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Rotary Club Fort Erie: Providing Five Avenues of Service

Christine Whelan FEO, May 9, 2024, VOL. 5 ISSUE 18

The Fort Erie Rotary Club have organized, “Dog Day Afternoon” on Saturday, May 25 from 10:00 am – 4:00 pm at the Stevensville Conservation Area, 2555 Ott Road in Stevensville, providing an opportunity for several dog owners to come out with their dogs that have special skills and service and provide demonstrations.

This event is an example of one of five avenues of service each Rotary Club provides for its community and internationally.

Lorne White, who’s been a Rotarian for over 50 years, a past President and most recently past Secretary (the Knowledge Keeper), shared with me some of the history of the Rotary Club.

He recited the story. “The Rotary was started in 1905 by a lonely, young lawyer in the Chicago area named Paul Harris. He called together his friends for supper. They had a good time, so they decided to do it again maybe a week or so later. This time, the rotated who hosted. That’s how the name Rotary came about. They rotated the meeting locations.

“They then decided they wanted to come up with a way to help their community. They chose to make public washrooms.”

He continued, “Hamilton Rotary Club, established in 1913, is one of the first clubs to be chartered in Canada. Welland was founded in 1922.”

Others followed fairly quickly, according to the storyteller.

Harris and his friends were all professionals. “So, the club officially became a club for business and professional people.”

He continued, “At the end of WWII, there was a huge movement in the world, trying to figure out how to keep war from happening again. Rotarians around the world were very instrumental in starting the United Nations.” To learn more, go to rotary.org and search United Nations.

Districts and Areas

There are districts of clubs that work together. “We are part of a district of about 2,000 clubs, Rotary District 7090. Half are Canadian, half are American. And then, within the district, there are areas. Our area is Fort Erie, Lewiston/Queenston, Grand Island and Niagara Falls,” telling stories of how the clubs would host the others, rotating their meeting spots.

Rotary Fort Erie

The Rotary Club in Fort Erie was founded in 1953.

One of the charter members who was there at the beginning was Peter Waytena. Lorne shared, “Peter stayed in the Rotary until he died, which was about a week before he was 102 years old.”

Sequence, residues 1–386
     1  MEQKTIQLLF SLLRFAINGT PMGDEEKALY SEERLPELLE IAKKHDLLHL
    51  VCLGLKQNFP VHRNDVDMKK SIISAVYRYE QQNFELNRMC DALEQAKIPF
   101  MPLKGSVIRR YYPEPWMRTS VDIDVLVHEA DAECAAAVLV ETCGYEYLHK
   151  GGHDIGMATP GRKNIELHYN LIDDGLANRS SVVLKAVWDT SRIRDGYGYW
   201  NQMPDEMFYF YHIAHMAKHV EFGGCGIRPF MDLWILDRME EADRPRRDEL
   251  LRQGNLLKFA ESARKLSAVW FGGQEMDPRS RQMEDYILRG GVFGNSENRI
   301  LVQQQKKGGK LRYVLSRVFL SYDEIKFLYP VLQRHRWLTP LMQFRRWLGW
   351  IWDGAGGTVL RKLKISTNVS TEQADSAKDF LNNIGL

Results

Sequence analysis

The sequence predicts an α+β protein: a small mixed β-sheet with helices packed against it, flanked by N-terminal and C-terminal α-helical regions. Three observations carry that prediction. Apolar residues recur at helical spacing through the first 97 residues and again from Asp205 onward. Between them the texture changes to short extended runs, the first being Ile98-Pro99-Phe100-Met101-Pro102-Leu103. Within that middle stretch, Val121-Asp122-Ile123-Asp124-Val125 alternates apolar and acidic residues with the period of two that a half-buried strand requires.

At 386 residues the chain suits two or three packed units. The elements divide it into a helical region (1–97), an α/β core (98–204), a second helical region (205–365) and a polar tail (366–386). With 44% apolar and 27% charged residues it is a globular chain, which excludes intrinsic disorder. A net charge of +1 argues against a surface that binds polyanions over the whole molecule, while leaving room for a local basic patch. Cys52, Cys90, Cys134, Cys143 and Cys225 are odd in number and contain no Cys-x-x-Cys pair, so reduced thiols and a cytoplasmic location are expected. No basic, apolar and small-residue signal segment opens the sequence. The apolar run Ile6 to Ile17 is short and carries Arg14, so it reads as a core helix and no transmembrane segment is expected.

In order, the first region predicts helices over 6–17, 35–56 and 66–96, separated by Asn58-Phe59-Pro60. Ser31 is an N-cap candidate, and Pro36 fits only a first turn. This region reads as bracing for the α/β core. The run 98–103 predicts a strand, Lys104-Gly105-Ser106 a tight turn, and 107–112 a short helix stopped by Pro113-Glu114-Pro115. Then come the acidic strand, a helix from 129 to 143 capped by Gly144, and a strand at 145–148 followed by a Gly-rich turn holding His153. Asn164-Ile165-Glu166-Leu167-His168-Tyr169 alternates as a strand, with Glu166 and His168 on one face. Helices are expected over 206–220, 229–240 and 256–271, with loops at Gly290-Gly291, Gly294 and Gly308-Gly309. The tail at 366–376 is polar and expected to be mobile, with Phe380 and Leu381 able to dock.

To learn more, go to rotaryforterie.org

Five Avenues of Service:

White explained that, for a Rotary Club to exist, they have to work towards five avenues of service. He broke it down for me, providing examples.

Club service – The members must focus on community awareness of Rotary, marketing, deciding where to meet, meals during meetings, and fellowship.

“To be a Rotary Club, it has to be active in four outbound avenues of service.”

Community – Rotary Fort Erie has supported a medical emergency system, sponsored an EMS vehicle for the town and supported the building of the Meridian Centre at GFESS. This avenue includes environmental issues.

International –  Clubs get together in Niagara with a cluster grant. Each club has the chance to present a project which they’d like to see run. Everybody votes and one is chosen.

Vocational – On the Fort Erie Rotary’s website, there are vocational videos, designed to help youth learn more about different careers when they are trying to figure out what they want to become. From police chief to working at the Smoking Budha restaurant to Canadian ambassador.

Youth – They give scholarships. They have the Rotary Youth Leadership Award which came from Queensland, Australia and Junior Rotary Leadership Award for high school kids.

Board of Directors

Lorne explained, “The president serves for one year at a time. A president-elect is getting ready and learning, the president doing the work, and the president from the past watching and helping through experience. The secretary and treasurer are long-term positions that don’t rotate. Then there are five directors for each avenue that work with committees.” He added, “Fundraising is separate.”


The members meet in Fort Erie from 9:30 to 11:00 am. “Usually the speaker speaks first and they can stay to listen to the business if they wish.”

They’ve been meeting at St. Andrews-Knox Presbyterian Church at 203 Highland Ave in Fort Erie, exchanging with a donation to the church.

Integrity is a priority of the Rotary Club. They have an effective compass for integrity called the four-way test.

With life’s circumstances, a member can ask themselves:

1. Is it the truth?

2. Is it fair to all concerned?

3. Will it build goodwill and better friendships?

4. Is it beneficial to all concerned?

“John Maurice, a member from Fort Erie, added a fifth, Will it be fun?” Lorne shared that this test is said at their meetings.

Lorne says that when looking for people to join, they are looking for people with integrity. “You can’t just join the Rotary. You are invited to join, sponsored to join.”

Rotary Mottos

1. Service Above Self

2. One Profits Most Who Serves Best

Check out the Fort Erie Rotary Club website for more information: RotaryFortErie.org

There are no upcoming events at this time.